Improving Our Supply of Electricity: Better Energy Options
Four ways to boost Rhode Island's clean energy economy
- Generate cheaper, cleaner energy at your home or business with a renewable installation
- Organize around opportunities for community aggregation renewable energy projects
- Switch to People’s Power and Light for your home and business energy supply
- Urge our state, cities and towns to reject new fossil fuel projects
Rhode Island is well positioned for investments in renewable energy that will add to our energy independence and reduce harmful emissions. Local companies stand ready to help you evaluate opportunities to generate clean energy at your home or business – see the Office of Energy Resources’s list. They’ll tell you about funds that can reduce the cost of generating renewable energy on site, and how long it will take to recover that investment before your electricity comes free of charge. For details about what these funds can do and how to use them, see the “RI Programs for Energy Efficiency and Renewable Energy” section.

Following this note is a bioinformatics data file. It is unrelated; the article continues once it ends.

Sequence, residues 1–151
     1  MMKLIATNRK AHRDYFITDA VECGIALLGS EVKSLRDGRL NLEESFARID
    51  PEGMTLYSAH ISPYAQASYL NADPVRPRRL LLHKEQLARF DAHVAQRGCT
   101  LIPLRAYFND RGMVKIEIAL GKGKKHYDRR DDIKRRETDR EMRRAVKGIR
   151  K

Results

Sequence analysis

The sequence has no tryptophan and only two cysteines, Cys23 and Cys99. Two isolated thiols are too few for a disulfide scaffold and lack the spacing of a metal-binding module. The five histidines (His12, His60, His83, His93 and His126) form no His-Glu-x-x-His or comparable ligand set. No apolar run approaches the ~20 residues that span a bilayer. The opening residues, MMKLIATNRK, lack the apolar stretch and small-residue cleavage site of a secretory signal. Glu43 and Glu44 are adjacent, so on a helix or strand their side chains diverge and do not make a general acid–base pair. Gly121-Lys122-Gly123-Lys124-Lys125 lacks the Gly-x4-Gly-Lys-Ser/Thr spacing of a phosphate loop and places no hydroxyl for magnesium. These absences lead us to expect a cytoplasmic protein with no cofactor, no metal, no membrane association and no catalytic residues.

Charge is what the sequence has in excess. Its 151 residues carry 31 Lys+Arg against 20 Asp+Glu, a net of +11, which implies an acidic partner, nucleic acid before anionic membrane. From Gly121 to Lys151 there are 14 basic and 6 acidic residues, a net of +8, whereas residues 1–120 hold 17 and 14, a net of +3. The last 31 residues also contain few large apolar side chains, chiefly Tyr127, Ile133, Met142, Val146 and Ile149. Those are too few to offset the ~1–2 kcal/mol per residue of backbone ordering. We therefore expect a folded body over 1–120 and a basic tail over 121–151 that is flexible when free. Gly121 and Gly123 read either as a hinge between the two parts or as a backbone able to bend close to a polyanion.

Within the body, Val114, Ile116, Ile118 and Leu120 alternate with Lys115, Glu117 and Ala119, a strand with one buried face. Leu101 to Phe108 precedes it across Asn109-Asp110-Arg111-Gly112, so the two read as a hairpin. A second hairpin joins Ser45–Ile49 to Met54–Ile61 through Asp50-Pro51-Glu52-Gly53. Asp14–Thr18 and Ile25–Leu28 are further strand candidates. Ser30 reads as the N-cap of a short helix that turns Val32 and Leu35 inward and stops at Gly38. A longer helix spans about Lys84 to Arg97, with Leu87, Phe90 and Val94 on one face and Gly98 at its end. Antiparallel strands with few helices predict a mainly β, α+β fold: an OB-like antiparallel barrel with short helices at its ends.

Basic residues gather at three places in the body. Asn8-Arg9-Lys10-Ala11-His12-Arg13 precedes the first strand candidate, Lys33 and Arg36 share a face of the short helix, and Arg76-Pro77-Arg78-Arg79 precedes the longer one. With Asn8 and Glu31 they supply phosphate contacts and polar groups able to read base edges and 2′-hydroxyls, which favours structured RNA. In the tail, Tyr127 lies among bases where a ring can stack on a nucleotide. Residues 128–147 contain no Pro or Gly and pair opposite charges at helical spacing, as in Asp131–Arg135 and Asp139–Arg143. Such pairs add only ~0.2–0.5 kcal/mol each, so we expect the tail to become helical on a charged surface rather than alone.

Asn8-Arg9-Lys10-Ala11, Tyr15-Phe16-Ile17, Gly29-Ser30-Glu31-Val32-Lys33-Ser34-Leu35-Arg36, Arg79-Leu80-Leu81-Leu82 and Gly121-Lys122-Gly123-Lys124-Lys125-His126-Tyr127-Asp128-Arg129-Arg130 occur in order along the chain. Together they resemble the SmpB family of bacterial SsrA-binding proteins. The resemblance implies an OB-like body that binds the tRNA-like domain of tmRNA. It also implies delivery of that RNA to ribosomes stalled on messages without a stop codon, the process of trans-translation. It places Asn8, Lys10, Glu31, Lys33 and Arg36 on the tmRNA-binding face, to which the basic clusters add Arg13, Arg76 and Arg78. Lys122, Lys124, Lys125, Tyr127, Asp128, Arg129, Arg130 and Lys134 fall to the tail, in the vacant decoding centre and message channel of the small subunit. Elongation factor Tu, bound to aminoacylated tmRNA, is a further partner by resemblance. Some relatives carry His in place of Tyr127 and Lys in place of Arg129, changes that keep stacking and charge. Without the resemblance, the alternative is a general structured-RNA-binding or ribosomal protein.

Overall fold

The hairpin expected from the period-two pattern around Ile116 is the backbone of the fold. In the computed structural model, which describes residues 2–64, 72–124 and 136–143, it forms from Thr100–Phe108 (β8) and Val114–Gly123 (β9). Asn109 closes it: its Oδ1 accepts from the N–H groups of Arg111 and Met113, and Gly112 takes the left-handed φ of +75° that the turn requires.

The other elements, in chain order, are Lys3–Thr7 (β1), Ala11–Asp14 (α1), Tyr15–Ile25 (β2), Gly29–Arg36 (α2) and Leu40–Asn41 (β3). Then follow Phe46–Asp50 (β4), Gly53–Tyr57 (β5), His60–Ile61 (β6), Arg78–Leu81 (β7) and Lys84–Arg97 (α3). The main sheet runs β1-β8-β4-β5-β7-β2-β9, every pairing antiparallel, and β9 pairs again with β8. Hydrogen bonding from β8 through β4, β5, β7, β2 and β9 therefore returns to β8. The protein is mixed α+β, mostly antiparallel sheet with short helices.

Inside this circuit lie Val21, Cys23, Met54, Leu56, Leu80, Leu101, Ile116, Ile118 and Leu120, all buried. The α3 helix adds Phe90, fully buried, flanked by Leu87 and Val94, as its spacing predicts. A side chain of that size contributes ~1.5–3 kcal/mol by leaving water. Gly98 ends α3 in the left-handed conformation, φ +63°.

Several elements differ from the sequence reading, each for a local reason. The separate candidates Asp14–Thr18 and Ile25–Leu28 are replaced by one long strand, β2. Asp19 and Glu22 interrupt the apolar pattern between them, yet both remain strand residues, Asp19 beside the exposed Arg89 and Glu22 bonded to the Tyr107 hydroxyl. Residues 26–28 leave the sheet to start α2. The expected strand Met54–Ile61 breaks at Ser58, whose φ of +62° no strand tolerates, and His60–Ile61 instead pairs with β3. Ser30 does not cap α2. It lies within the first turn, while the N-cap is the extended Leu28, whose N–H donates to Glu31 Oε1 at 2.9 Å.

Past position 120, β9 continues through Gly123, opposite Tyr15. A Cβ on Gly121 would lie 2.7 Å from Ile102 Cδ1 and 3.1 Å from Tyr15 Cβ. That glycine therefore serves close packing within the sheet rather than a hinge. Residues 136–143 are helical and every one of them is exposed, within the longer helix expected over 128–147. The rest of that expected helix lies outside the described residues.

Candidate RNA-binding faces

Household action: Choose a renewable energy installer from the OER’s list and invite them to do a free asssessment of your property.
The Commercial Property Assessed Clean Energy Program offers auditing services and attractive financing terms to improve the energy profile of commercial buildings (see https://ri-cpace.com/about/). If you own or rent commercial property, sign up for an audit to learn where you could be saving money and reducing your use of fossil fuels.
If you can’t add a solar or wind installation to your property right now, and you have National Grid’s Basic Service (check your electric bill), you can still get your electricity from renewable sources through People’s Power and Light. The pricing guide for their options is here: read it to find out which is right for you. The service costs about $10-$20 extra per month, which you can write off on your tax return.
All of Rhode Island’s energy development at this point needs to be in renewable energy, not fossil fuels, whether it’s pressure on National Grid, our main energy supplier, to focus on renewables, or investment in community aggregation, which allows towns to choose renewable sources for more of their energy.
Community action: Donate money, time or skill to community groups that fight new fossil fuel projects in Rhode Island, support carbon pricing, and help people gain access to renewable energy. A full list of organizations is in the “Further Resources” section.